For the purposes of this synthesis adult pedestrians are defined as those aged 16 to 59, which is the age range commonly used to describe adults in the ‘Reported road casualties Great Britain’ reports. Where some authors of other research have used different age bands, these are clearly stated.

Pedestrians face specific road safety problems:

  • Vulnerability – pedestrians lack physical protection, sub-groups such as older pedestrians may be especially frail;Conspicuity – pedestrians are small compared to vehicles;

  • Effort – pedestrians are self-propelled and effort associated with making a detour results in direct desire lines; and,

  • Distraction – pedestrians are often also engaged in other activities.

Accident statistics show that two thirds of adult pedestrian casualties in Great Britain are male. However, there are very few pedestrian safety educational campaigns aimed at adults and almost no research into how such programmes impact casualties.

Visibility, impairment and distraction are typical contributory factors. It has been found that lighting road crossings (to increase visibility) tends to reduce casualties, and that the casualty risk for pedestrians increases significantly when their blood alcohol concentration exceeds 150mg/100ml. Less is known about distraction, although one North American study found that more drivers yielded to a visibly inattentive pedestrian than to a visibly attentive one.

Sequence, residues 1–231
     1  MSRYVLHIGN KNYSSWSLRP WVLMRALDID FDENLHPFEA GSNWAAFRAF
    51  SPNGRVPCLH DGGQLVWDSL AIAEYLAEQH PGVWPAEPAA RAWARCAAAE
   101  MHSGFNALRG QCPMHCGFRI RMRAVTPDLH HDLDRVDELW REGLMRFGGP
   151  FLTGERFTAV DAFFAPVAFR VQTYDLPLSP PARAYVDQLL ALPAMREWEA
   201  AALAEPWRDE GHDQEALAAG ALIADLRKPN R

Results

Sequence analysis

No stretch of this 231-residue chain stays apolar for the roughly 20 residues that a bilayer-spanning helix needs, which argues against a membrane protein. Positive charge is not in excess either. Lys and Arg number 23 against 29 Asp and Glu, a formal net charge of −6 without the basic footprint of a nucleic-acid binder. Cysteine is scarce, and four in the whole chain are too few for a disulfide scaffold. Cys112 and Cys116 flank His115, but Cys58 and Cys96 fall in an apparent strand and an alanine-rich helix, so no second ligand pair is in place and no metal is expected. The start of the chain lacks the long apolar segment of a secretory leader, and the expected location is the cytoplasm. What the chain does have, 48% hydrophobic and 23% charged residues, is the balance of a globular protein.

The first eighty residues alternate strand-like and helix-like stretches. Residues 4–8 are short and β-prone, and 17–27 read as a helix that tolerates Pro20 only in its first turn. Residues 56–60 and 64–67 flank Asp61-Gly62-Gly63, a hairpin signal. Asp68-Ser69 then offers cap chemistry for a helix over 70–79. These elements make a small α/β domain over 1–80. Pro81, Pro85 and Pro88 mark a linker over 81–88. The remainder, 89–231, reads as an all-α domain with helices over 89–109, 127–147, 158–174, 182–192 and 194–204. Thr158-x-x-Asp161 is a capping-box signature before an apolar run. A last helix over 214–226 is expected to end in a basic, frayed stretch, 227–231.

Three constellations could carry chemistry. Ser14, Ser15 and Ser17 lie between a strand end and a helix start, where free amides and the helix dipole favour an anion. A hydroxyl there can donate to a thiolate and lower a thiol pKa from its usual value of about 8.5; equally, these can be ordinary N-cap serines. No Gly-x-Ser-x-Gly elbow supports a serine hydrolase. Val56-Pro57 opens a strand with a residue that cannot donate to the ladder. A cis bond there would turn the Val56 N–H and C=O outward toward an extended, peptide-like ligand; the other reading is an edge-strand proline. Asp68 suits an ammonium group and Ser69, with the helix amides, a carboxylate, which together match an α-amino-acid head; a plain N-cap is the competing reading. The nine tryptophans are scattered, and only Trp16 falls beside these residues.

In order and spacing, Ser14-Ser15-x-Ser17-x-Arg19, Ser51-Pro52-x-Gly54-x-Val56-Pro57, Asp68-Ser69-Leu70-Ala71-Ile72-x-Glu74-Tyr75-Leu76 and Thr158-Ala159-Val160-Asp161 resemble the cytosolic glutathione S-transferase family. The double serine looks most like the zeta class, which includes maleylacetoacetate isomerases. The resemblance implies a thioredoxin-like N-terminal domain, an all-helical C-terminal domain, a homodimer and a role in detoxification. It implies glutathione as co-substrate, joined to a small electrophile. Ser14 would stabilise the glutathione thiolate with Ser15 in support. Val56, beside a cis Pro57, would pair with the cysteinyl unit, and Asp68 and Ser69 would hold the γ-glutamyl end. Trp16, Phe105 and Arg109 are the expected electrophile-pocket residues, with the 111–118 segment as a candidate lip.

The United Kingdom has few laws for pedestrians; most obviously there are no laws to prevent crossing the road except at crossing points (i.e. jaywalking). For this reason, there is limited scope for pedestrian enforcement. Studies are cited in which police presence has improved driver and pedestrian behaviour at crossings; however one such study was carried out in 1968 and relevance today is likely to be limited.

Given the lack of legal framework, pedestrians in the UK cross the road according to their own convenience when they identify gaps in traffic (i.e. regardless of the status of a red or green man). Many adults are capable of crossing the road safely regardless of signals – studies have not been able to link ‘red man compliance’ with accident rates.

Effective engineering interventions include: signalised crossings (Puffin), pedestrian guard rails, advanced stop lines, central refuges, kerb extensions and pavements on both sides of the road. There is a large body of research concerning crossing design which, for example, has resulted in the improvements to Pelican crossings which have developed into the Puffin design.

A programme of countermeasures combining education, enforcement and engineering treatments has demonstrated safety improvements. In Miami-Dade County, Florida four high pedestrian risk RTI zones were identified and local knowledge utilised to apply a suitable blend of counter measures.

Vehicle design has advanced to the benefit of pedestrian safety. Innovations such as active bonnets are designed to reduce injury in the event of a pedestrian being struck. However, there is a perceived risk to pedestrians from the very low noise levels of hybrid / electric vehicles – a UK study found that although these vehicles tend to be involved in fewer RTIs overall, relatively more of the RTIs that do occur involve hitting a pedestrian.


  • Date Added: 03 Apr 2012, 08:17 AM
  • Last Update: 27 Jan 2017, 04:22 PM